Understanding your baby’s results is an important part of the newborn screening (NBS) process. This section explains what the results from blood spot screening, pulse oximetry screening, and hearing screening mean for you and your baby.
Blood Spot Screening Results
The results of your baby’s newborn blood spot screening become available five to seven days after birth. Three types of results are possible:
- In-range (also called negative, normal, or low risk)
- Out-of-range (also called positive, abnormal, or high risk)
- Borderline (also called inconclusive or medium risk)
In-Range Screening Results
What Does an In-Range Result Mean?
An in-range result means that your baby probably does not have a condition detected by blood spot screening. Babies with in-range results do not need more testing.
Your baby’s health care provider may tell you about in-range results at your baby’s first or second well-child visit. If you do not receive your baby’s results, be sure to ask about them so that you know screening was completed.
Health care providers might also refer to in-range results as “negative,” “normal,” or “low risk.”
Can My Baby Have an In-Range Result and Still Have the Condition?
Yes. Sometimes, when NBS shows that a baby is unlikely to have a condition, the baby in fact has that condition. When screening “misses” a baby with the condition, it is called a false-negative result.
Health care providers usually catch false-negative results when a baby begins having symptoms of the condition. Any baby who starts having health problems (like trouble breathing, slow weight gain, or problems with movement) needs more testing—even if that baby’s blood spot screening results were in-range. Regular checkups are important to make sure your baby is healthy and growing normally.
Whenever you have concerns about your baby’s health, you should contact your baby’s health care provider right away.
Out-of-Range Screening Results
What Does an Out-of-Range Result Mean?
An out-of-range result means that your baby might have the condition detected by the screening test. Babies with out-of-range results need more testing.
Your baby’s health care provider will contact you to tell you about out-of-range results and any next steps you should take. If your baby has an out-of-range result, it is important to follow all of your health care provider’s directions about what to do next.
Usually, the health care provider will help you make an appointment for more testing with a specialist. Your baby may need to see the specialist and have any recommended testing right away to diagnose the condition.
You should follow your health care provider’s recommendations about when and what kind of testing your baby needs. To be safe, your health care provider may also recommend that your baby begin treatment for the condition right away.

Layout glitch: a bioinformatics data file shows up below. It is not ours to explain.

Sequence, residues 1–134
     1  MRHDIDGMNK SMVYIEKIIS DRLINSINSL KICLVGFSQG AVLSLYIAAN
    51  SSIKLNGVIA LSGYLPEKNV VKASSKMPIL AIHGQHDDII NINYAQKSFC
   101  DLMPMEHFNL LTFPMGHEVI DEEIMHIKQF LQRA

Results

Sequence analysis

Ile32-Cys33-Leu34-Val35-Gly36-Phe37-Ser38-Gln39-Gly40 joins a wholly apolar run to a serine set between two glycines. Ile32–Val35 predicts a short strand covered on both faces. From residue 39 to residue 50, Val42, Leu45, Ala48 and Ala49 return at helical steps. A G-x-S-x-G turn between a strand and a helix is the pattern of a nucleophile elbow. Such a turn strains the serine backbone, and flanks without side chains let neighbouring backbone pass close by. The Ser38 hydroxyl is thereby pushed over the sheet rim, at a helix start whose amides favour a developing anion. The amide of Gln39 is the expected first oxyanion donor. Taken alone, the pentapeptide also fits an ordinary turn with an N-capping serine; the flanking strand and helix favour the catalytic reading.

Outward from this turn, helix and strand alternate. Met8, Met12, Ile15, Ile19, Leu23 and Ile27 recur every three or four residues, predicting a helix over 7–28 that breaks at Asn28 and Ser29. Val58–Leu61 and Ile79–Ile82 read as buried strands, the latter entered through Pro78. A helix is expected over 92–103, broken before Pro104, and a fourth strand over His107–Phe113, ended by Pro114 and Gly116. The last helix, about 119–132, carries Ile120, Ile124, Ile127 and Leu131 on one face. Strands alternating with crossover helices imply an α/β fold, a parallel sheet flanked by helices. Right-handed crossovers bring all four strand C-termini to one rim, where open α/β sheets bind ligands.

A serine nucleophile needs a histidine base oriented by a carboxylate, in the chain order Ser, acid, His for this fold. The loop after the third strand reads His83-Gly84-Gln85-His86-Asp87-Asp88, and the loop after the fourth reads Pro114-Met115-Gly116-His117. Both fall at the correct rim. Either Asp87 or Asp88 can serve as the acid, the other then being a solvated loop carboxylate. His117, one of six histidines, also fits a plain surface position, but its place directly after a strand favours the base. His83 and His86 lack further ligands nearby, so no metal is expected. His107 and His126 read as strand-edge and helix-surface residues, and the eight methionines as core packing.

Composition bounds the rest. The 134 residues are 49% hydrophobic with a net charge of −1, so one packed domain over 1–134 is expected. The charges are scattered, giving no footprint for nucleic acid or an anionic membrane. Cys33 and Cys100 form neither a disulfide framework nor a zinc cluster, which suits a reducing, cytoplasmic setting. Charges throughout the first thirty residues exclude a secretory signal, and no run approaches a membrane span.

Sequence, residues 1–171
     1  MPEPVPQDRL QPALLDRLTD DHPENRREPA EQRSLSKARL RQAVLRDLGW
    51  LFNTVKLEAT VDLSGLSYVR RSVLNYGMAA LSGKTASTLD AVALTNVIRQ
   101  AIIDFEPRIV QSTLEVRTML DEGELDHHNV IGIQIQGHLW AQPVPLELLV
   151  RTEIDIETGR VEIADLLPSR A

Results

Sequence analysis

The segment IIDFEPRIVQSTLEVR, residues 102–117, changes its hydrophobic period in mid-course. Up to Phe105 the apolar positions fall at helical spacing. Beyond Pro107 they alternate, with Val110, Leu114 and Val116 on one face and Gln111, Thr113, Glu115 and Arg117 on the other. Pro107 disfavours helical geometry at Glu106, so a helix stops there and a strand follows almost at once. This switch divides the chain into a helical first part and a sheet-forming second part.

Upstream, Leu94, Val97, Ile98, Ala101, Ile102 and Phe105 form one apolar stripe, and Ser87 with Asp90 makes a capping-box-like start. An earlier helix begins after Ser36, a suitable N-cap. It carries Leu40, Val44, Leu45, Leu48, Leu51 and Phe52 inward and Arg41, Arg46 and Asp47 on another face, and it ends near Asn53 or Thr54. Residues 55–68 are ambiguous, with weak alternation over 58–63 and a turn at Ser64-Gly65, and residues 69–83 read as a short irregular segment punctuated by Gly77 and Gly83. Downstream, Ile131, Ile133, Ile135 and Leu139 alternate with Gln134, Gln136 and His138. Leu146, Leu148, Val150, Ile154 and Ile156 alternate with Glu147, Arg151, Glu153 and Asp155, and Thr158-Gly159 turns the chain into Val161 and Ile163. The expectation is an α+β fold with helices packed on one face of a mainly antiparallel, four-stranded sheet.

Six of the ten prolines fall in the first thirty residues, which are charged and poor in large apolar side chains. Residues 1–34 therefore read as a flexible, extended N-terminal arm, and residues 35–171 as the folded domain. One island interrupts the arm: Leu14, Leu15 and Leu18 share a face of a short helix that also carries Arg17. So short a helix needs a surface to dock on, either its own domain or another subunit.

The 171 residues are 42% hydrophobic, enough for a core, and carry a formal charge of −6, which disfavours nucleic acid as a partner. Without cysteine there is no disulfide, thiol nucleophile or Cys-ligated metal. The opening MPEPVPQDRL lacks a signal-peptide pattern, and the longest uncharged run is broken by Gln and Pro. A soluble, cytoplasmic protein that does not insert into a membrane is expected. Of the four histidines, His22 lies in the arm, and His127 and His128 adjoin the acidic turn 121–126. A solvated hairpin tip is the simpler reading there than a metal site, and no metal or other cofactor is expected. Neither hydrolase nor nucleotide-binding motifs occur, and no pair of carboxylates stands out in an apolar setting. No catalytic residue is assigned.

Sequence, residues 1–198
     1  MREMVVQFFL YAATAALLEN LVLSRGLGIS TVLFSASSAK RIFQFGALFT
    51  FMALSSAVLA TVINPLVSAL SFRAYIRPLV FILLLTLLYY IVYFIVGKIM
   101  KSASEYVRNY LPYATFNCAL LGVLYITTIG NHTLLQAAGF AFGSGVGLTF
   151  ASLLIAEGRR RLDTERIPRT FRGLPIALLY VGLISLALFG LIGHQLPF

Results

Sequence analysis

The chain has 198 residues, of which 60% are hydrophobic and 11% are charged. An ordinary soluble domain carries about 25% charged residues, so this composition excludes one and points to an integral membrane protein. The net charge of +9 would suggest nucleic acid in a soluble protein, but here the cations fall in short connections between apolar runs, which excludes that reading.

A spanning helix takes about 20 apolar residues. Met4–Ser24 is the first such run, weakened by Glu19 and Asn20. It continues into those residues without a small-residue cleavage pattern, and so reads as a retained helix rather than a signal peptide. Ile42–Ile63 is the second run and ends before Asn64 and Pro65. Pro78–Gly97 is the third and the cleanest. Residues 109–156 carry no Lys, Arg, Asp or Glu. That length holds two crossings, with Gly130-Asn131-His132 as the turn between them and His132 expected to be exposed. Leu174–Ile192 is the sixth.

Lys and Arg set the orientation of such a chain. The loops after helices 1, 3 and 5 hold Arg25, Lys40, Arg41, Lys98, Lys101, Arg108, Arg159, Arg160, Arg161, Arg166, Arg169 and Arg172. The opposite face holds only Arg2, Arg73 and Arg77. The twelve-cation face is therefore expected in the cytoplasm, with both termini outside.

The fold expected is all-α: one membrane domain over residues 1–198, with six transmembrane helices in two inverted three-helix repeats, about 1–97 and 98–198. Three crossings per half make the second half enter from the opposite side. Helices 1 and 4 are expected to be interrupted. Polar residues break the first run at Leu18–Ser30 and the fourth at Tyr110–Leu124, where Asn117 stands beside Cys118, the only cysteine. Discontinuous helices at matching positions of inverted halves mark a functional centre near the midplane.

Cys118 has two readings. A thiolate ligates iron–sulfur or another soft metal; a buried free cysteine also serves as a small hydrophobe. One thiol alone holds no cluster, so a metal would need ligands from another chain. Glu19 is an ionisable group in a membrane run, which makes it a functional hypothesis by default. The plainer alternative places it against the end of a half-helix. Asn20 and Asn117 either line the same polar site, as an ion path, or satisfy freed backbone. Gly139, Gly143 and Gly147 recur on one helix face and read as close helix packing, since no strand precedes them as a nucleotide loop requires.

Health care providers might also refer to out-of-range results as “positive,” “abnormal,” or “high risk.”
Visit the Connecting With a Specialist section to learn about next steps for babies with out-of-range screening results. Visit the After Diagnosis page to view a list of resources for families whose babies receive a diagnosis after NBS.
Do All Babies With Out-of-Range Results Have the Condition?
No. Sometimes, when NBS shows that a baby might have a condition, further testing reveals that the baby does not have the condition at all. This is called a false-positive result. Health care providers usually determine false-positive cases during follow-up testing.
False-positive results can happen in blood-spot screening for many reasons, like the following:
- A reason other than the screened condition—Newborn screening uses indicators in the blood to check whether your baby might have certain conditions. However, other things that have nothing to do with the NBS conditions (for example, stress) can also affect these indicators. Therefore, an out-of-range result can either mean that your baby has an NBS condition or that something else is affecting the result of the screen.
- A problem with how or when your baby’s blood was screened—Collecting and processing NBS blood samples need to happen in a very precise way. If they do not happen correctly, your baby may receive a false-positive result. This might happen if:
- Your baby’s screening was done outside the recommended time frame
- Your baby’s blood sample was not collected correctly
- The card with your baby’s blood sample got scratched or stained by something other than your baby’s blood
- The blood sample was stored incorrectly
- The information on the screening card was wrong
If your baby has a false-positive result, your baby does not have and will not develop the condition.
Borderline Screening Results
A borderline result means that your baby’s screening results fall somewhere between an in-range and out-of-range result.
Babies with borderline results need more screening or testing. Your baby’s health care provider may collect another blood sample from your baby and repeat the original screening.
Sometimes, the health care provider may do other testing, like drawing blood for laboratory tests, instead of repeating the blood spot screening. It is important to follow your health care provider’s directions about when and what kind of repeat screening or other testing your baby needs.
Health care providers might also refer to borderline results as “inconclusive” or “medium risk.”
Pulse Oximetry Screening Results
Pulse oximetry screening determines if your child has certain forms of critical congenital heart disease (CCHD).